The popular video app TikTok has come under fire after two senators have requested an assessment of the company for any national security risks it may pose to the United States.
Senate Minority Leader Chuck Schumer (D-N.Y.) and Sen. Tom Cotton (R-Ark.) sent a letter to acting Director of National Intelligence Joseph Maguire Wednesday, NBC News reports. The app is owned by Chinese tech company ByteDance, which acquired it in 2017.
"Security experts have voiced concerns that China’s vague patchwork of intelligence, national security, and cybersecurity laws compel Chinese companies to support and cooperate with intelligence work controlled by the Chinese Communist Party," the letter states.
"Given these concerns, we ask that the Intelligence Community conduct an assessment of the national security risks posed by TikTok and other China-based content platforms operating in the U.S. and brief Congress on these findings,” the lawmakers requested.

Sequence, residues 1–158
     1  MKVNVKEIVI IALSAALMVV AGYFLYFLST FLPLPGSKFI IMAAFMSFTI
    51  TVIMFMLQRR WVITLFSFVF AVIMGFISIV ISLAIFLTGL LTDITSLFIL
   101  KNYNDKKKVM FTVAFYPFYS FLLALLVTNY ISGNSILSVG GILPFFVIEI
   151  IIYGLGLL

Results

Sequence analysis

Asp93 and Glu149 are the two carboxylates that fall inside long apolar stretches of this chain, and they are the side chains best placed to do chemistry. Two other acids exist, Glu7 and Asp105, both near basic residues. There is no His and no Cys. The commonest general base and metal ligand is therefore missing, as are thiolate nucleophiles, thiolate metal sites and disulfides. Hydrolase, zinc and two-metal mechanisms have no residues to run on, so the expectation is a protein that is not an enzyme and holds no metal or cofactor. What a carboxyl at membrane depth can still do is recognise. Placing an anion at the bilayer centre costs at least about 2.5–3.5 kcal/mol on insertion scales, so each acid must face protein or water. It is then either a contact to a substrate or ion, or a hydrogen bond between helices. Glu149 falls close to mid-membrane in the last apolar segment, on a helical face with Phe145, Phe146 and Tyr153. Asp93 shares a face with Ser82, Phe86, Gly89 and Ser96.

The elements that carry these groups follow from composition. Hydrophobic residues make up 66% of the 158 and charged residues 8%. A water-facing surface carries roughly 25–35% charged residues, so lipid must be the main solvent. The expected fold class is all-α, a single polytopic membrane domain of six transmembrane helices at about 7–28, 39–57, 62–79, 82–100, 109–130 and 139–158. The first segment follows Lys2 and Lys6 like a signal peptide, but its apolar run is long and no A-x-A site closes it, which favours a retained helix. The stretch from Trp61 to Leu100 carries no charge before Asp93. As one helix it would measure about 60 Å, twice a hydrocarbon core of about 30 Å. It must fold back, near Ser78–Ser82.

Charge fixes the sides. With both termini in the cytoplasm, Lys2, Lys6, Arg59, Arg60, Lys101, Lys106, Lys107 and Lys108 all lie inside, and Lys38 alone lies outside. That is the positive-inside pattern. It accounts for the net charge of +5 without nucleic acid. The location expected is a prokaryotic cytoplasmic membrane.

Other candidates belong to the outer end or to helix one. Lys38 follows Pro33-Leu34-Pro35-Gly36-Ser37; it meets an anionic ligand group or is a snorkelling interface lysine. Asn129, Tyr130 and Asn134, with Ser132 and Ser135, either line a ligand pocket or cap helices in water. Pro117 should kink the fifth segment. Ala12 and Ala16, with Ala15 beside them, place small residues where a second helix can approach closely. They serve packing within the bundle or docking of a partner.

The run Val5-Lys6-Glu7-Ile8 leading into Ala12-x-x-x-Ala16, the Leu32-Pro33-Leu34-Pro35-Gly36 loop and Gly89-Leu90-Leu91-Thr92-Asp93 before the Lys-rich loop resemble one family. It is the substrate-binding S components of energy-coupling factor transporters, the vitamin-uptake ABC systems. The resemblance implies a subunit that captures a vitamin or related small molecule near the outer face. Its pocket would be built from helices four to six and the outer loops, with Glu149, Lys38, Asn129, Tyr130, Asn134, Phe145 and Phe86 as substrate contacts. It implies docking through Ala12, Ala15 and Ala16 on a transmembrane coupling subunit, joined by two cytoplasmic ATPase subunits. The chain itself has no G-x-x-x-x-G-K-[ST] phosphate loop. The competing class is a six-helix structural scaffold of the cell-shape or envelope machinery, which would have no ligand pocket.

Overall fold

The two congressmen are concerned about how much data TikTok collects, and if the app would limit what American users can see because of what Chinese censorship dictates. "With over 110 million downloads in the U.S. alone, TikTok is a potential counterintelligence threat we cannot ignore," they wrote.
This letter marks the second time Congress has made an effort to learn more about TikTok. Sen. Marco Rubio, (R-Fla.) sent a letter to Treasury Secretary Steven Mnuchin to ask the Committee on Foreign Investment in the United States to investigate TikTok’s purchase of the social media app Musical.ly.
The senator called on the committee to explore the “Chinese government's nefarious efforts to censor information inside free societies around the world cannot be accepted and pose serious long-term challenges to the U.S. and our allies."
Facebook CEO Mark Zuckerberg is one of the high-profile figures who recently came out and criticized TikTok for their censorship. “While our services like WhatsApp are used by protesters and activists everywhere due to strong encryption and privacy protections, on TikTok, the Chinese app growing quickly around the world, mentions of these protests are censored, even in the U.S.,” Zuckerberg said, according to CNBC. “Is that the internet we want?”